Sex, violence and fantastical creatures have long been staples of English literature. But generally they appear in written form. Now the Reading Agency, an organisation that promotes literacy, is encouraging schools to buy Manga comics, the Japanese cartoon novels notorious for their violent, and often adult, content.
Mangas depict wide-eyed heroes, often in varying states of undress, as they battle to overcome adversity or fantasy villains from futuristic worlds.
Text appears in speech bubbles or in brief descriptive passages, and is unavoidably limited. "Master, you are bleeding," says a character in The Kung Fu Sisters. "Sob. Sob."
The Reading Agency is sending an annotated list of 150 recommended Manga titles, deemed suitable for teenagers, to all libraries and schools.
Ruth Harrison, of the Agency, said: "Mangas have the reputation of being about sex and violence, but I don't think that's justified. There is a huge range of storylines, covering relationships, football, fantasy horror and sci-fi.
"A lot of the stories are quite sophisticated, with complicated storylines and development of different characters. It's more subtle than just a hero going out to battle evil."
Tony Sewell, education consultant, said: "Aren't they very violent?"
But he said that if the aim was to recruit reluctant readers, this may not be a disadvantage: "Boys are interested in violence, so it's a way of engaging them. I don't think boys read comics any more. They're not going to be interested in The Beano, so you need to offer something that will grab them."
Barefoot Gen, a two-part Manga telling the story of the atom bomb exploding over Hiroshima, is used in some British schools to teach pupils about the end of World War Two.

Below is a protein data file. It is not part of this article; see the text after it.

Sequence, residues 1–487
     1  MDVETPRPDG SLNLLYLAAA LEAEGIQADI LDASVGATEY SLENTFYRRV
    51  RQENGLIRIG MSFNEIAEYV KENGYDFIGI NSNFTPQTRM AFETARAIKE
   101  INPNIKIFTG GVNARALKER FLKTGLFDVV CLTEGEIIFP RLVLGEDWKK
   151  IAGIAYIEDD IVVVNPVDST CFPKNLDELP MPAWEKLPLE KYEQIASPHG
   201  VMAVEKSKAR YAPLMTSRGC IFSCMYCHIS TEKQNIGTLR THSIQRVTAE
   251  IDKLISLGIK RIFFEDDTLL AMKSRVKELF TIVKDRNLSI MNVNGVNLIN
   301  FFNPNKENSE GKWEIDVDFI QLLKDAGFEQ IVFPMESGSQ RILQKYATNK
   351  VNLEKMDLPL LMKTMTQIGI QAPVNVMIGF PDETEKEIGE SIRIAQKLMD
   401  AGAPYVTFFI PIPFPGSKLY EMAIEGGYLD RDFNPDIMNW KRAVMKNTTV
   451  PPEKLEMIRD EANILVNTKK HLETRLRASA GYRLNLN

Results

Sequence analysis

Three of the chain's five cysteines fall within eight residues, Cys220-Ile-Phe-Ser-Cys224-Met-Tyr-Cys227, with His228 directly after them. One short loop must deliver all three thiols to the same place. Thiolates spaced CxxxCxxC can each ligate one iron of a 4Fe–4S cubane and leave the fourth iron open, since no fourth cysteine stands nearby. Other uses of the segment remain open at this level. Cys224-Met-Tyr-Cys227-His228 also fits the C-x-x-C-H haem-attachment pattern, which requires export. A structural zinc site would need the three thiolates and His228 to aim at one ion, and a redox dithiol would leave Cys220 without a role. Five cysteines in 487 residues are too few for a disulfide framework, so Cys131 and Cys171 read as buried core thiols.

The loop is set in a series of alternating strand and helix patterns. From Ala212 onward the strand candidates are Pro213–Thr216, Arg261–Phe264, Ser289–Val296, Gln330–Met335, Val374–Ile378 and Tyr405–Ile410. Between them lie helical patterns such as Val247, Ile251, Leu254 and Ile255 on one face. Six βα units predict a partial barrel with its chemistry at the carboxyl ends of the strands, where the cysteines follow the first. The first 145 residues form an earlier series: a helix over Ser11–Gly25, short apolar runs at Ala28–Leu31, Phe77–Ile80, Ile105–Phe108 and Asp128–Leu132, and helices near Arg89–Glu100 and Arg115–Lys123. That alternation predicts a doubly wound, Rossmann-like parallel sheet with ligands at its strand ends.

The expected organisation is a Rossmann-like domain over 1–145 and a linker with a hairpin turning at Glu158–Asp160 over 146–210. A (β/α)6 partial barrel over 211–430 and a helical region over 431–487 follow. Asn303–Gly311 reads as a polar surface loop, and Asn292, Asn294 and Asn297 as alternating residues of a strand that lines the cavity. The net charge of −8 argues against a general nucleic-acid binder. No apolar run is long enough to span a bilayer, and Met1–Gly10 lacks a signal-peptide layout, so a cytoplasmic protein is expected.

But some teachers are more worried about the form. Manga layout follows the Japanese pattern of reading from right to left.
Jocelyn Charters, English teacher at The Rickstones school, in Witham, Essex, said: "If pupils are going to develop any kind of reading stamina, they should be reading more substantial texts. Libraries should be spending their money on books we recommend."
Helen Pallett, literacy co-ordinator at Djanogly city academy, in Nottingham, already uses fantasy battle games to engage reluctant readers.
"Anything that gets pupils reading is a good idea," she said. "You have to tap into their interests. Getting them to admit that reading is cool, and that they enjoy it, is the first step.
"Once they've got over that barrier, you can easily get them to move on to graphic novels, and then to other books."
Trevor Millum, of the National Association for the Teaching of English, draws comparisons with the Asterix and Tintin cartoons, which many children are advised to read in order to improve their French vocabulary.
"Whether or not they're improving their vocabulary, at least they're reading," he said.
"As long as it contains a more interesting vocabulary than 'bam' and 'ouch', I can't see a problem."